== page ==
The other point on which Allott and Dandea are in agreement is that the pension administrators should not be funding the very body, the Committee for the Supervision of the Private Pensions System (CSSPP), that will supervise their activities.
Dandea describes it as "a conflict of interest legislated by the Parliament," while Allott says, "there should be no direct link between the amounts of money the regulator receives and the industry."
"Possibly the best way to separate the two would be for the parliament to come in between and approve or allocate the budget to the CSSPP," Allott says.
The CSSPP argues there is a law regulating the financing it receives, which obliges it to present an annual audit to the parliament.
Not good enough, argues a group representing all of Romania's major trade unions.
In a critique of the pension system issued to the media on June 15, trade unions urged the parliament to tighten its control over the CSSPP; legislate the floor of profitability below which funds would be forbidden to continue operating; state clearly the method of how the rate of return is calculated; make no distinction between men and women in that regard; and make public how the costs will be covered in moving from a public pension system to this new three-pillar system.
This last point is worrying those like Dandea who feel that although the individual contribution cap to private pension funds has been set at a relatively low initial 2% of gross salary, this will rise to 6% over a period of eight years, leaving just another 3.5% of gross salary going into the state pension fund. Ultimately, the reform will make a dent in the public pension funds of around 1% of GDP, say analysts.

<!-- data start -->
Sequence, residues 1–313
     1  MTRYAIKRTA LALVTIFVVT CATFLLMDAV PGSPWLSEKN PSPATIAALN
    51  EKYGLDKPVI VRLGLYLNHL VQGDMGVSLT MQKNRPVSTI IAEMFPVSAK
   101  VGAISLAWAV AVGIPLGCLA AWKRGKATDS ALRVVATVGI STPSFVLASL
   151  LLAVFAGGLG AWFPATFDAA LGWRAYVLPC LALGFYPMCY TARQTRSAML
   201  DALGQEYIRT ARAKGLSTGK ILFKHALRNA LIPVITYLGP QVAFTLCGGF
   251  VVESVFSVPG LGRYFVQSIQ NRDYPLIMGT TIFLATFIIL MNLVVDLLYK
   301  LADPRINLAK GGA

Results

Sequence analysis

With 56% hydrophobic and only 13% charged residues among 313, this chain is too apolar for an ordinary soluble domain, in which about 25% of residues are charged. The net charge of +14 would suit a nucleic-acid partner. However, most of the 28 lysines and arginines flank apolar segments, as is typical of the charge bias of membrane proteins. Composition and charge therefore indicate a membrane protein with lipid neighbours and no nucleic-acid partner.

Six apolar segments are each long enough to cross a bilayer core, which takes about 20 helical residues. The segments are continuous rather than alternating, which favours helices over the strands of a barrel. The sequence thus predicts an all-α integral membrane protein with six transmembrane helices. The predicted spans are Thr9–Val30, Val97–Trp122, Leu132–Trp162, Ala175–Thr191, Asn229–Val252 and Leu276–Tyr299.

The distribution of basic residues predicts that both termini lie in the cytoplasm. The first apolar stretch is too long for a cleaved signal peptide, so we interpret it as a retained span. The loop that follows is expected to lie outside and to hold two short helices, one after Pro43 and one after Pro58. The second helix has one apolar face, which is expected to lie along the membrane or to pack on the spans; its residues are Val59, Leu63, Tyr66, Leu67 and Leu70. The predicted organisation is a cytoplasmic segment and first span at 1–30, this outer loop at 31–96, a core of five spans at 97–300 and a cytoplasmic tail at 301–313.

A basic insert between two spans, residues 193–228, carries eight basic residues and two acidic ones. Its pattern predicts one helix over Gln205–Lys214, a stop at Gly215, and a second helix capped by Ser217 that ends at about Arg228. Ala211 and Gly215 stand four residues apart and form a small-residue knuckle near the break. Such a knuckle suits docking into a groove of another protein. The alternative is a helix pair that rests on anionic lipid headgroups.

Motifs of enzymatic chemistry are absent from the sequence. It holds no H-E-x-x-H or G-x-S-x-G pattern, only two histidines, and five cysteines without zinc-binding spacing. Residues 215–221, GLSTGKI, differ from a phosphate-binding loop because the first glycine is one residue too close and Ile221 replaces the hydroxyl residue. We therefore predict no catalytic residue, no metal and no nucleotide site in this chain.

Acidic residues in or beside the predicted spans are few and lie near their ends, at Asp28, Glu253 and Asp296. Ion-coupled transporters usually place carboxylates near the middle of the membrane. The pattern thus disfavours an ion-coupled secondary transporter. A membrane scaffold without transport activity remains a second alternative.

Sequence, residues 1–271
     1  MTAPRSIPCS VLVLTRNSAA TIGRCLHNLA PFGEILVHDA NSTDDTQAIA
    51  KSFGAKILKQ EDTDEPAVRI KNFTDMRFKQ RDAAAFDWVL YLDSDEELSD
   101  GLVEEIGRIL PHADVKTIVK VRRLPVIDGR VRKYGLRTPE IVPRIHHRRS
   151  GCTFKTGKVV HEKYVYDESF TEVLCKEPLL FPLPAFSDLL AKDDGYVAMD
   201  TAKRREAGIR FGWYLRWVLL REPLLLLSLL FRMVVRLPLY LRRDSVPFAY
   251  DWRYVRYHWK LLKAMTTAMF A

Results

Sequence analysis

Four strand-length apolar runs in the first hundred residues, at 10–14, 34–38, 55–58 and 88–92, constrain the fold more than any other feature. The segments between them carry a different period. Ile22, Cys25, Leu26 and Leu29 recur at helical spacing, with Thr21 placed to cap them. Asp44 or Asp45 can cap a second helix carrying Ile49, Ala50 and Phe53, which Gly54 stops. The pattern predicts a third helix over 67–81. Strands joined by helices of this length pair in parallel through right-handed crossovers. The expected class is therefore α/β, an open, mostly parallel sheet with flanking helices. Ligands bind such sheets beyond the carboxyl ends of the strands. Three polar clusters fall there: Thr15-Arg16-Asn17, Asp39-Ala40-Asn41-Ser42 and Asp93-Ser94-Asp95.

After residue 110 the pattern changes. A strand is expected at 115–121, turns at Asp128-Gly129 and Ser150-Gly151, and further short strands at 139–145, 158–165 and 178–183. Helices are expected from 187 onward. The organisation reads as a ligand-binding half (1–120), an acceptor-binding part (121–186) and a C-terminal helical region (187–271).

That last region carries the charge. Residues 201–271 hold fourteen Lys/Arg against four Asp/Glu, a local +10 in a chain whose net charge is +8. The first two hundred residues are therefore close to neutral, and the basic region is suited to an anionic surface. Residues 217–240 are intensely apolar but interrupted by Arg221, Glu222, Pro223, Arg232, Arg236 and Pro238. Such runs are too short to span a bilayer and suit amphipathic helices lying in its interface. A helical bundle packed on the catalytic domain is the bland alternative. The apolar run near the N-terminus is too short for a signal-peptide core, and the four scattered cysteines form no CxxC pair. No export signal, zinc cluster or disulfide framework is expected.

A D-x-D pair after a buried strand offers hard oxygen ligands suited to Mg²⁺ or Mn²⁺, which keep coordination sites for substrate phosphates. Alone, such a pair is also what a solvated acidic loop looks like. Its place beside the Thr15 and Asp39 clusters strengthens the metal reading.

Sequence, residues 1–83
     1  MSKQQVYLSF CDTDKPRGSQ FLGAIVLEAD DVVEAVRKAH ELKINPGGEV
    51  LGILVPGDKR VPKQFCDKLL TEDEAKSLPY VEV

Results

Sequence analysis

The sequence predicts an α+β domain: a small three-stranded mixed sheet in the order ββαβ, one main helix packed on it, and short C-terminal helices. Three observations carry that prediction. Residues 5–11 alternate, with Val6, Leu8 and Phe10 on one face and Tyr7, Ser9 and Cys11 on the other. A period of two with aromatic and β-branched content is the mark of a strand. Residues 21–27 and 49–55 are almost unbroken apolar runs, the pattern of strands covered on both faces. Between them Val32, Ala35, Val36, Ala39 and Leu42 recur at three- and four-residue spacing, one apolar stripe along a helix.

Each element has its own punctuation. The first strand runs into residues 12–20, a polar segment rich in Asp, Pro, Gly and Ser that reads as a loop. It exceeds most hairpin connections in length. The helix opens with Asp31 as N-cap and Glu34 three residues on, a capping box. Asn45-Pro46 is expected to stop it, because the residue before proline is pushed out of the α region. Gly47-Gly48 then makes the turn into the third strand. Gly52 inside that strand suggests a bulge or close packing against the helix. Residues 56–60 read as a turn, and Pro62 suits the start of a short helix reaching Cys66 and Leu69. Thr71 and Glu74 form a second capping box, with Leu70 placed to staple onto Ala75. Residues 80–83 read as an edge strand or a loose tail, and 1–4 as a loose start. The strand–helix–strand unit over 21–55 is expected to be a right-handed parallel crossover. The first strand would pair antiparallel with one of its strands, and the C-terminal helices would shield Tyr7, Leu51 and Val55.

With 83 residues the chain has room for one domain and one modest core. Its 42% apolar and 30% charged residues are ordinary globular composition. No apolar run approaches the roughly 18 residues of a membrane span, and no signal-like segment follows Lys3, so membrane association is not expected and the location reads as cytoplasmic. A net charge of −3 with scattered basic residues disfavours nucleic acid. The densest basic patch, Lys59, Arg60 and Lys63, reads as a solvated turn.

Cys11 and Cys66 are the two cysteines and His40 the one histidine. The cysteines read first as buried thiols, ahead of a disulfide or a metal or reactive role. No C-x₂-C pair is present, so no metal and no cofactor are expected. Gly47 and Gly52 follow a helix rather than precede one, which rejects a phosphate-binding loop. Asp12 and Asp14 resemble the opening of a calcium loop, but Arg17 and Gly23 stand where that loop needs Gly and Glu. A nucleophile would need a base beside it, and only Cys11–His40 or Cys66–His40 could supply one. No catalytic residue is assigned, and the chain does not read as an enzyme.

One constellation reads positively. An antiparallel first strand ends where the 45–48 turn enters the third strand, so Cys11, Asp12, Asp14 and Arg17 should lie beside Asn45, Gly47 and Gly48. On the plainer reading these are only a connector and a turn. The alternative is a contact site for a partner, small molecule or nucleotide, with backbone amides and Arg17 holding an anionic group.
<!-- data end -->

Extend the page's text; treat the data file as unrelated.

"Who is going to cover that deficit? Do today's pensioners know about this and have they agreed to this move? Do women know that they will pay for most of the transition to a system that will fail them?" Dandea asks.
Dandea is referring to the problem whereby traditional early retirement for Romanian women will mean smaller overall pensions for them, given the combined effect of contributing fewer years to their pension funds while living longer than men. Dandea says women seem largely unaware of this problem, just as the population as a whole is largely ignorant of these reforms to the pension system.
In an opinion poll carried out in May by IMAS polling institute and paid for by the Center for Equal Partnership, 77% of people polled said the new private pensions system was something good, but 85% admitted they had no or very little information about how this new system actually worked and how it would affect their livelihoods.
Even so, the legislation leaves them little choice: all people under 35 will eventually have 6% of their salary directed to a private fund whether they choose an administrator or not. The freedom to opt out of the system only applies to those aged between 35 and 45.
The legislation leaves little room for manoeuvre for the fund administrators too.
"The bottom line is that Romanian administrators are asked to operate more efficiently than anyone in the world," says Allott.
In his list of grievances about the system, Allot says profit margins will be very low; the cost of the depository bank will be born by the administrator, not the fund like in other countries; and fees are very tightly controlled, as private pension funds can charge only 2.5% of the monthly contribution and 0.6% per annum on the total assets.